JUST as barely a fortnight ago, a terrorist attack took place next to the Westminster parliamentary complex in London, a new wave of terrorism once again seems to be sweeping the world, raking up casualties along the way. There was the suicide bombing in the subway train of St Petersburg, Russia’s second largest city, in which more than a dozen people died. Then just a few days later, simultaneous attacks occurred in both Sweden and Egypt, piling up even more horrible casualties.
To focus on Russia’s terrorism concerns, the St Petersburg bombing was by far not the first instance of despicable terrorist acts aimed at Russia. Ever since the beginning of this century, quite a few such horrendous undertakings, such as the infamous hostaging of audience members by Chechnya armed elements at the famous Bolshoi Theater, were known beyond Russia. The crucial difference between terrorism and your run-of-the-mill violent crimes, even serial ones, lies in the fact that the former is usually grounded on some sort of political demands which could not be obtained through the normal political channels. Such demands may be shrouded in religion, race or culture, but they are basically demands to be forcibly obtained by the perpetrators. And in this regard, Russia faces at least three interrelated sources of terrorism challenges.
The first lies in the fact that Russia is a federation made up of not only the majority Russians but also of dozens of national minorities. Many of the latter live in semi-autonomous “republics” which are scattered all over Russia. As the former Soviet Union disintegrated in the early 1990s, many Soviet constituent republics declared independence to form their own sovereign nations. Examples can be found in the various Central Asian republics nowadays with “-stan” suffixes (with the notable exceptions of Afghanistan and Pakistan). Some elements in the autonomous “republics” of Russia, seeing their hitherto neighbors or even “blood brothers” able to stand as independent countries, were inexplicably tempted to do the same. The aforementioned Chechnya separatists are one such example. Almost since not long after the Soviet dissolution, protracted armed conflicts have been taking place between government troops and these ubiquitous separatists. When the latter could not match the overwhelming superiority of the Russian military, they often reverted to terrorist attacks to create the kind of psychological and physical trauma that worry most ordinary folk.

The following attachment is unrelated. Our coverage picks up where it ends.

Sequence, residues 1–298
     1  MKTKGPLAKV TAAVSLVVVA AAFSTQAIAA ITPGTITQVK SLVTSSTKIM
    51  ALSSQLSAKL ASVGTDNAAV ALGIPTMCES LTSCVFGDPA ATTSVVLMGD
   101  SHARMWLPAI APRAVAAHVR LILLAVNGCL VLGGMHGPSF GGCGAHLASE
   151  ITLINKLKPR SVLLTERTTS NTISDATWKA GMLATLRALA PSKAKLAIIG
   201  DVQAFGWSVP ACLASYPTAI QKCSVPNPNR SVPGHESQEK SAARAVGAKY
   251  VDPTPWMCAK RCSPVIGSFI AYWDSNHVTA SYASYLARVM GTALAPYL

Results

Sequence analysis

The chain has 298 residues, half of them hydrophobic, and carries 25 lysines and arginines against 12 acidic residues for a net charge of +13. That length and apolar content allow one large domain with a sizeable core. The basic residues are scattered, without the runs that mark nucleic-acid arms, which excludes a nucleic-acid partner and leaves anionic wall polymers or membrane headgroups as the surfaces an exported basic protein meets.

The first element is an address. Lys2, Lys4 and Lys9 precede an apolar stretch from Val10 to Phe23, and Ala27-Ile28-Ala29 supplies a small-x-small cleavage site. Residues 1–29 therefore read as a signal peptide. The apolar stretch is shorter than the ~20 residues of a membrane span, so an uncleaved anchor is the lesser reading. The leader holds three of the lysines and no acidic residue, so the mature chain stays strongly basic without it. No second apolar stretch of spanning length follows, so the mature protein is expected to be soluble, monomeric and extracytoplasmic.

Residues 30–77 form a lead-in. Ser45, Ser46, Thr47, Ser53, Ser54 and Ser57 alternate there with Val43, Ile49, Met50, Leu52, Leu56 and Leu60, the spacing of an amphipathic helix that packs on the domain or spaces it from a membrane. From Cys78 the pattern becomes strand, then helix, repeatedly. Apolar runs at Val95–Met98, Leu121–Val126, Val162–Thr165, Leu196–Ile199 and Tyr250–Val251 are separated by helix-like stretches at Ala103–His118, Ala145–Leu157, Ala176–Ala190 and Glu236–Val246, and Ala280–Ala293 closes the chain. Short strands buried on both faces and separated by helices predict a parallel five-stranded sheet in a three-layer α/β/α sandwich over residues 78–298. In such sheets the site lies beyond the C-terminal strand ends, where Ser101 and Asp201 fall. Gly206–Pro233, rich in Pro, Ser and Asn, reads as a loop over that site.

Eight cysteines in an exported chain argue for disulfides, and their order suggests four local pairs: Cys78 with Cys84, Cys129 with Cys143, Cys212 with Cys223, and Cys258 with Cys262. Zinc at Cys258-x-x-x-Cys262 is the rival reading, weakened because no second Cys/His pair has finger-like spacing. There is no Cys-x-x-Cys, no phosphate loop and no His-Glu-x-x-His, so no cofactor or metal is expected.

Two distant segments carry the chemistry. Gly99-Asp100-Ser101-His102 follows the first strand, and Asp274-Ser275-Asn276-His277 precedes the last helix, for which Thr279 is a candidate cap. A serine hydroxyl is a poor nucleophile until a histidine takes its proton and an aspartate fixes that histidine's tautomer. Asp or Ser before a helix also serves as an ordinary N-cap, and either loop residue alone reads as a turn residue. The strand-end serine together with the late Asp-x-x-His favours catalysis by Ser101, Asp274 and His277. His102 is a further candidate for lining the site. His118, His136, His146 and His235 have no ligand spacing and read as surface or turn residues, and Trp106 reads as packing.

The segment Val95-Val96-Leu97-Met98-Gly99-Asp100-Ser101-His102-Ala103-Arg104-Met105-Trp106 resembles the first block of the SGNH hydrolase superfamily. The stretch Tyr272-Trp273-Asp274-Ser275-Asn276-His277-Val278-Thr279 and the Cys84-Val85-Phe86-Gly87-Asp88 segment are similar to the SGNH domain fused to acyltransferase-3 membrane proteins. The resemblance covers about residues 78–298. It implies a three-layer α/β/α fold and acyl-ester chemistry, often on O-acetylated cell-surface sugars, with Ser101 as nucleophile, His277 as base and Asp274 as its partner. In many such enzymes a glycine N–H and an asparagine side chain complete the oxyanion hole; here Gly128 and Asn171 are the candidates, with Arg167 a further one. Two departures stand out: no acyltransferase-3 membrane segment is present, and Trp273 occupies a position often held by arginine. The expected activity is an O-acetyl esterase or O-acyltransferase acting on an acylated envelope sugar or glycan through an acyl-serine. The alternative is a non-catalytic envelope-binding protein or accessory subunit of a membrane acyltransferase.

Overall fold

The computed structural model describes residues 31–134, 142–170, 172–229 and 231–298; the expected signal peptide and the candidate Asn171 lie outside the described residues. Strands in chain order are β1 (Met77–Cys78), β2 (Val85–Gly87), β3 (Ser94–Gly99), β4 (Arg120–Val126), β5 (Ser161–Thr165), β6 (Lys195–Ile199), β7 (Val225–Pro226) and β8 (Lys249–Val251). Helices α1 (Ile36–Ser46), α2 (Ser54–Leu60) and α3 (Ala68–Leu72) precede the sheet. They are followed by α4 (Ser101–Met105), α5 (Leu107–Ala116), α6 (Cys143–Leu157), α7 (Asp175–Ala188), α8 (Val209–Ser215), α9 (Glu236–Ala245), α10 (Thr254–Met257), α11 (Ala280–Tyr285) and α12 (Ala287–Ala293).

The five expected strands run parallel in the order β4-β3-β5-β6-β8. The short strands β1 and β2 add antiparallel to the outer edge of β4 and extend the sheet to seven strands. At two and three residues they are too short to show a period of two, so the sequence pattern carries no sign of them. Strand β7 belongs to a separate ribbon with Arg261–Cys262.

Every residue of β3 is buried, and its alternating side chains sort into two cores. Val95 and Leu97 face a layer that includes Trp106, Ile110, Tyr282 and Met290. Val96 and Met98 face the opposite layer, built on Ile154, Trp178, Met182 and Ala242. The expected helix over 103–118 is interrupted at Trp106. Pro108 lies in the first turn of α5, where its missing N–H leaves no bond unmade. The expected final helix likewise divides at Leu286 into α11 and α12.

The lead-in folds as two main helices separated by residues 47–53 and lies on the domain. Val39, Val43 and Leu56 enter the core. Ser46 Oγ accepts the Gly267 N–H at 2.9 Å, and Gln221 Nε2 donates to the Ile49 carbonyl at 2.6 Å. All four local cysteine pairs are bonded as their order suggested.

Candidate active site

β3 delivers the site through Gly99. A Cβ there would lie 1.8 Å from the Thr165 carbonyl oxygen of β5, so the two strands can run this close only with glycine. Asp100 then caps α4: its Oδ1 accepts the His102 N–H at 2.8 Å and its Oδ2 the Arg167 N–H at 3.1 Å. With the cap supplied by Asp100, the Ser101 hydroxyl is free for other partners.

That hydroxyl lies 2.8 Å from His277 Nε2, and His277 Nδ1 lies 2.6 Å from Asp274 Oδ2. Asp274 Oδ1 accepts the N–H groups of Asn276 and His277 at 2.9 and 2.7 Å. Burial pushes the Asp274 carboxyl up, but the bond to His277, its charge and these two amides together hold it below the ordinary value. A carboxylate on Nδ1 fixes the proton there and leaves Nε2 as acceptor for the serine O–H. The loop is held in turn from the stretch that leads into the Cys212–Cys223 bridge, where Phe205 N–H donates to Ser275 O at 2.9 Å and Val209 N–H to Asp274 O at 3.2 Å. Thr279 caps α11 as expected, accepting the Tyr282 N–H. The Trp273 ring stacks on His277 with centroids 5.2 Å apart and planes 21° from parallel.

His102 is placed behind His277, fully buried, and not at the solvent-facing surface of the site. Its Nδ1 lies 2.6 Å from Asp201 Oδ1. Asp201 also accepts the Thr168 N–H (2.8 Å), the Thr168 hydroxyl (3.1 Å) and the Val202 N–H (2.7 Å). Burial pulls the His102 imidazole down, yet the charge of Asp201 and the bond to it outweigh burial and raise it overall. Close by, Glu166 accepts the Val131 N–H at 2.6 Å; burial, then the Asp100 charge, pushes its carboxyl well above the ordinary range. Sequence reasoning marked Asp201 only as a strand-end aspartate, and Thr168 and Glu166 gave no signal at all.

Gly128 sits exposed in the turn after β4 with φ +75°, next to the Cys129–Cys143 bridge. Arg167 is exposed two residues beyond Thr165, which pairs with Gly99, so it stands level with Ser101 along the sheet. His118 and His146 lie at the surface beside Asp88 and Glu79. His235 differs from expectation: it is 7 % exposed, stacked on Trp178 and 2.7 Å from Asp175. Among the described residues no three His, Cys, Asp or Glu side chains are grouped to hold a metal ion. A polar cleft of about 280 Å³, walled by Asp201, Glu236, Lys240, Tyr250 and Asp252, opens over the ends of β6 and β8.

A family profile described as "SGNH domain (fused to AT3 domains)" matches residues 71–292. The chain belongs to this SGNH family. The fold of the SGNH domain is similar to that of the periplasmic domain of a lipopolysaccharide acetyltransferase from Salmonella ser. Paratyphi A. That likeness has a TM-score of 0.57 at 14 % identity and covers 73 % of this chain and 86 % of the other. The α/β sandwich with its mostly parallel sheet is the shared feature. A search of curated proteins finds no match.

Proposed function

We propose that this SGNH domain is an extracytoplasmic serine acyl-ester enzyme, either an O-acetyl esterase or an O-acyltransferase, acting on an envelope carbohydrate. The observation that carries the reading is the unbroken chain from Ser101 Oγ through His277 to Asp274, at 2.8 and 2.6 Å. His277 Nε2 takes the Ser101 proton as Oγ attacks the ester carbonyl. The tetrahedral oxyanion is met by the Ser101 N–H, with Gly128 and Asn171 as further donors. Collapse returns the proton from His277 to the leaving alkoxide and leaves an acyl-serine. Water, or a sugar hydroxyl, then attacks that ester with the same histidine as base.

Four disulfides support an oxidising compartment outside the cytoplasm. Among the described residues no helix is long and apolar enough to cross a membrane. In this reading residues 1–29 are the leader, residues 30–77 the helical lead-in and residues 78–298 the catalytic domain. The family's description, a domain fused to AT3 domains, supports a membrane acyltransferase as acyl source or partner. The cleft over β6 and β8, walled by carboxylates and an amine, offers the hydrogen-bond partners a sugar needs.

Another source of terrorism concerns may be said to be transnational in nature. There are quite a number of nationalities in central and west Asia which, although they may or may not be related by blood or common ancestry, nevertheless share similar Turkic languages and a common religion. Some nationalistic elements in these vast expanses of land have taken to subscribing to the formation of a great caliphate (a theocracy fusing politics, religion and society) loosely termed Turkestan, spanning (in their mind) an area from China’s Xinjiang autonomous region in the east, through the various “-stans” mentioned above, incorporating a number of Russian autonomous “republics,” and reaching modern-day Turkey in the west. Superpowers Russia and China are understandably upset about this sort of nationalistic fantasy and try their best to defend their sovereignty and territorial integrity. Some Turkestan activists thus have also taken to terrorism to further their religio-political aims. The alleged perpetrator of the St. Petersburg subway bombing, for example, was a Russian citizen of Central Asian origin.
Understandably, as the modern national manifestation of the Turkic populations, Turkey’s attitude toward “Turkestan” is of paramount importance. No one seriously doubts Turkey’s staunch and unequivocal anti-terrorism stance, as Turkey itself has become the victim of multiple terrorist attacks in the last year alone. Istanbul airport was bombed to worldwide shock. A frontier-land wedding was interrupted by a shooting massacre, and even the Russian ambassador was publicly gunned down by a seemingly radicalized Turkish security officer. But Turkey must redouble its commitment to the tried and tested path of unwavering secularism, and not let religious radicalism creep back into the mainstream of its politics, culture and society.
Russia’s third source of terrorism challenge is quite similar to that faced by the Western countries, in the worldwide effort to combat the Islamic State terrorist organizations in the Middle East. Terrorist attacks occur from time to time in these “participating” countries, often “inspired” by IS. In contrast to Al Qaeda from whence it sprung, IS seemingly does not so much “order” as “inspire” such attacks. “Lone wolves,” or small cells of like-minded “budding” terrorists, are often the perpetrators nowadays, in contrast to “professional” terrorists of yesteryears. And IS has a thousand and one connections to the aforementioned domestic nationalistic aspirations and the Turkestan dream, fanning and succoring these movements, sometimes working together to wreak havoc.
It is therefore perhaps high time that at least the superpowers of the world, if not all civilized nations, work hard and smart together to root out these cruel acts of terrorism.